IF you paid $40 for the DVD of ”Lawrence of Arabia” when Columbia released it with great fanfare in April 2001, you probably felt hoodwinked when, this autumn, the studio brought out a new, improved version for two-thirds the price and (sorry) no factory trade-in for your not-so-old but flawed copy.

It turns out the original discs had problems with color accuracy. Look at that first desert battle scene: in each shot, the sky is a different color — magenta, green, reddish-blue. Those grand, gorgeous desert expanses look pale tan instead of the golden-brown of the real sand. Occasionally, Peter O’Toole looks either out of focus or artificially sharpened, as if someone had traced his body with a felt-tipped pen.

All these problems have been fixed Old Movies on DVD, but you’ll have to spend $27 more to add it to your collection.

The video market these days is flush with fabulous-looking DVDs, for great and lousy movies alike. But bad-looking ones keep trickling out, too. So what goes wrong when Old Movies on DVDhappen to great films?

The tale is not a new one. In June 1999, Warner Home Video issued ”The Stanley Kubrick Collection,” a seven-disc boxed set of the director’s films, for $149. Two years later, Warner came out with a remastered edition for $199.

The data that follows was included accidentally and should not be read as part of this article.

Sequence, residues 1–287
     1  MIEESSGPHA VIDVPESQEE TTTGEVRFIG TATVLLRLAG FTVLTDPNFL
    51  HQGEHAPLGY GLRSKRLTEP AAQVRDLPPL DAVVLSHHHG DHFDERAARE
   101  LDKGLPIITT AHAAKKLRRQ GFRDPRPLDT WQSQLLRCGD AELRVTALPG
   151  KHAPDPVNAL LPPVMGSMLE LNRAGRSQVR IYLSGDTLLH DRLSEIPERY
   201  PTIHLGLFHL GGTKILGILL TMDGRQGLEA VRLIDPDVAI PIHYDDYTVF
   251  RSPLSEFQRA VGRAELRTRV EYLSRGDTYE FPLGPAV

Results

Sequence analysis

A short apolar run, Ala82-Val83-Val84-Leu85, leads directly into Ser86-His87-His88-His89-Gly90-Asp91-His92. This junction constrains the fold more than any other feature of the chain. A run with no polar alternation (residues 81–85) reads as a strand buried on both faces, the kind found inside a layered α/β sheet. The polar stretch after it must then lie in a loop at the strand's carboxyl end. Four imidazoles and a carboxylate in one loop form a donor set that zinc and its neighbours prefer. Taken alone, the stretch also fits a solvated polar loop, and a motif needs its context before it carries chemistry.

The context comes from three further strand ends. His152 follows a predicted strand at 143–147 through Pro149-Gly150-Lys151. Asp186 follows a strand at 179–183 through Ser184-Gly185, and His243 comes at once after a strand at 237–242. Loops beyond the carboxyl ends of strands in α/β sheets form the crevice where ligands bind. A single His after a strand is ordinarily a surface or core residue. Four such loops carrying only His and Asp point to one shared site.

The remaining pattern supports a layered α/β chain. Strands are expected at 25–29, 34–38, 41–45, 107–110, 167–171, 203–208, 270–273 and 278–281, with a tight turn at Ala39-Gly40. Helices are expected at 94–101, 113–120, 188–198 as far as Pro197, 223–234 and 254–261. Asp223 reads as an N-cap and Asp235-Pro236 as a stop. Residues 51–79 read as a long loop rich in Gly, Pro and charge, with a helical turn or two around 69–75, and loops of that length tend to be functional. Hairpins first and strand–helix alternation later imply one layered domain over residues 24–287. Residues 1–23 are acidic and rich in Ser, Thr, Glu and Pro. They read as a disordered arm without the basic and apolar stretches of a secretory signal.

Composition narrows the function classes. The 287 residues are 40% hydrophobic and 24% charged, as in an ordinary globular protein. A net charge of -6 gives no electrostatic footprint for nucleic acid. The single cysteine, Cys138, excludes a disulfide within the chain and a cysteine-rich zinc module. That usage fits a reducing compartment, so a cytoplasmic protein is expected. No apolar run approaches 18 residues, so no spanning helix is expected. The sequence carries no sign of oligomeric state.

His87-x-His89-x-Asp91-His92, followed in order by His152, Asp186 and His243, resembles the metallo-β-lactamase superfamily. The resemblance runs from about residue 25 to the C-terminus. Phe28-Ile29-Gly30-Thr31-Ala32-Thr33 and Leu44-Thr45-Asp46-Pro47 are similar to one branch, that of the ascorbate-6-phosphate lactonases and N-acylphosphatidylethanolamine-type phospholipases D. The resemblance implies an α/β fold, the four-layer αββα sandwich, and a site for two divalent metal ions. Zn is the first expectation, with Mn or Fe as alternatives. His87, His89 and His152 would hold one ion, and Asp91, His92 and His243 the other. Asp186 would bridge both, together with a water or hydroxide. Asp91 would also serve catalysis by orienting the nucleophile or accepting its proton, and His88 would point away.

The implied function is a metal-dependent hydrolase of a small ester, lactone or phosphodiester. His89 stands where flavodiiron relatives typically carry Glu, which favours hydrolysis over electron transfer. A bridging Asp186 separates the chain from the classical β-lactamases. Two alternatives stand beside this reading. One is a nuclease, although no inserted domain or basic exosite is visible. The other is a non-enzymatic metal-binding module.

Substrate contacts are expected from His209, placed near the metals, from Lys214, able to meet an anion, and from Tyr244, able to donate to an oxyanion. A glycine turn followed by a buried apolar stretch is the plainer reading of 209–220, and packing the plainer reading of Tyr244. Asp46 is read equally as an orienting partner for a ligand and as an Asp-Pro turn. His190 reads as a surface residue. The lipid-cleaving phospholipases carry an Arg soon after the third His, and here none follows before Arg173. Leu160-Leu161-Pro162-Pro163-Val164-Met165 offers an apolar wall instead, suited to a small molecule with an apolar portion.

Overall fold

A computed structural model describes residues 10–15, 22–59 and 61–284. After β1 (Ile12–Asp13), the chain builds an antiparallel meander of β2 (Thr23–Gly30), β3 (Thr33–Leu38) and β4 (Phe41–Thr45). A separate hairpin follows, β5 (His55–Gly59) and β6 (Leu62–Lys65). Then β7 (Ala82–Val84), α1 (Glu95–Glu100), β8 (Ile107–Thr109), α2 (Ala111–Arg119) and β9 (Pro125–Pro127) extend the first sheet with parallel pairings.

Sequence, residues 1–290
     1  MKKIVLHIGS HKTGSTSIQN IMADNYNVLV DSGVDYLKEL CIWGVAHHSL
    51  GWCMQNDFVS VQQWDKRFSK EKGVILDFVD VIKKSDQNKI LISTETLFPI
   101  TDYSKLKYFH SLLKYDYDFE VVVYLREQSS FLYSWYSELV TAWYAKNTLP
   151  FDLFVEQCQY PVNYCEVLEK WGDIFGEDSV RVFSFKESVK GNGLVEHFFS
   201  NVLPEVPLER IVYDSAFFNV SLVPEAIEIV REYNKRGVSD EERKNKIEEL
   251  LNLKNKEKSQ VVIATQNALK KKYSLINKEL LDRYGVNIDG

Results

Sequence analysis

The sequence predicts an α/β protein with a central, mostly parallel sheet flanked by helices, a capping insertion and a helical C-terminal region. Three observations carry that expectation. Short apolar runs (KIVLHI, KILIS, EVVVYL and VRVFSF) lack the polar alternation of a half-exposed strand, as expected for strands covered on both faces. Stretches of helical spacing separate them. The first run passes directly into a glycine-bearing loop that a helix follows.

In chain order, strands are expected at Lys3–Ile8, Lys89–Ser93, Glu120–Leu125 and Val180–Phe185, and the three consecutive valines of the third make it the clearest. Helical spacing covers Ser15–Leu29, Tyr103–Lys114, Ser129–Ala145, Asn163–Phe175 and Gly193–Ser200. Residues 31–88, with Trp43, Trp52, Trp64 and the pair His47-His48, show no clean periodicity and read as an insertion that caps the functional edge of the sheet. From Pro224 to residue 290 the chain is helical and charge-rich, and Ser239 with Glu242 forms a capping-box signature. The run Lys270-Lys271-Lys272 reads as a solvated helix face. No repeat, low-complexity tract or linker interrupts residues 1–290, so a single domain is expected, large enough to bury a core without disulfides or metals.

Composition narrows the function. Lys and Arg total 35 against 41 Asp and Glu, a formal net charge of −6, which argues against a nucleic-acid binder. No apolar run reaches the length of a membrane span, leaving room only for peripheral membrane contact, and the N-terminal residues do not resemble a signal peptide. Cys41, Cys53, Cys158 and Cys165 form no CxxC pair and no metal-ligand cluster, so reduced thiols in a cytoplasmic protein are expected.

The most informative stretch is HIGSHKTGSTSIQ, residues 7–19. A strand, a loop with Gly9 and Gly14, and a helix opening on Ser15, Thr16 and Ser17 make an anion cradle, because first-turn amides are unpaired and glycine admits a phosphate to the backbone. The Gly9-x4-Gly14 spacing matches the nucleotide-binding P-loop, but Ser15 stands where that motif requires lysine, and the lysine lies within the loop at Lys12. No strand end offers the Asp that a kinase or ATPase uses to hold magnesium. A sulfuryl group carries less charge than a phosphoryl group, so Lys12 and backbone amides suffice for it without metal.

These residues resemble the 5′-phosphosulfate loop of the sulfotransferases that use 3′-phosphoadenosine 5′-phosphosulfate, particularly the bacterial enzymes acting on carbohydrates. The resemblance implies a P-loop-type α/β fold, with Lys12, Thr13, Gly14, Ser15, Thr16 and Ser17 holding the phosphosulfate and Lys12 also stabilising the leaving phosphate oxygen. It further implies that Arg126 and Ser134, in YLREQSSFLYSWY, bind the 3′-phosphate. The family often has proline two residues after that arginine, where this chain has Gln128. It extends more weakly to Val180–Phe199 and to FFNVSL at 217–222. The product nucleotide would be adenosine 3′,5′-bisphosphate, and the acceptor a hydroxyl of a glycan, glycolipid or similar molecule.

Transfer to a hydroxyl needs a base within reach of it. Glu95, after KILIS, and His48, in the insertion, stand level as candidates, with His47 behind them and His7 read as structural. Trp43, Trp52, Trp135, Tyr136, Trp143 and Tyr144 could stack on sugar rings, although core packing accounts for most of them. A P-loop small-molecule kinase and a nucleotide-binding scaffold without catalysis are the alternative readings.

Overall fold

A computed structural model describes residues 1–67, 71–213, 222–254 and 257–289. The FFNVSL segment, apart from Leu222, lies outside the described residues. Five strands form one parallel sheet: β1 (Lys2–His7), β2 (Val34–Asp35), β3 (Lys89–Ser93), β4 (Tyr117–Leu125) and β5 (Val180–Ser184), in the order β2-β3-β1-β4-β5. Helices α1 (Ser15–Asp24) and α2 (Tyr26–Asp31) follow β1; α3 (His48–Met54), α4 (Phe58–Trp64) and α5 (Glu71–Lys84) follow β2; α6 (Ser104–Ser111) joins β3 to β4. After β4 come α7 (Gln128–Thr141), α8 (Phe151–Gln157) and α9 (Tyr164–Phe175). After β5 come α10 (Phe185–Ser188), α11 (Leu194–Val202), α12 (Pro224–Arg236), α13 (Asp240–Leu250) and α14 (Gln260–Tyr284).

The new box had much better picture quality (and two extra discs, for ”Eyes Wide Shut” and a documentary about Kubrick), but, again, no refund for the earlier, shoddier goods.

The first Warner DVD of Clint Eastwood’s ”Unforgiven,” released in 1997, had blurry images, skewed colors, and a woozy choppiness whenever the characters or camera moved. It took five and a half years before a good version hit the video bins.

At least these films were sent through rehab. Many other great films were turned into substandard DVDs — and, so far, have been left that way.

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Bernardo Bertolucci’s ”Last Emperor” is a gorgeous film. It won nine Oscars, including the 1987 Academy Awards for best picture, best director, and best cinematography. And the DVD, from Artisan Home Entertainment, is one of the most dreadful ever made. Colors are faded, images blurry; if a shot is filled with lines (say, the slats of a roof), they shimmer like hula hoops. It is tragically, agonizingly unwatchable.

Francis Ford Coppola’s ”Godfather” and ”Godfather, Part II,” which take up three DVD’s in a five-disc boxed set, don’t look quite that bad, but — given that they’re among the greatest, most beautifully photographed films of all time — the results are dismaying.
Images are faded in some scenes, way too dark in others, and often speckled with weird distortions. For instance, in the opening shot of ”Part II,” the close-up of Al Pacino against a dark backdrop, it looks as if mosquitoes are swarming down his face. The movie looks better when it’s televised on HBO.

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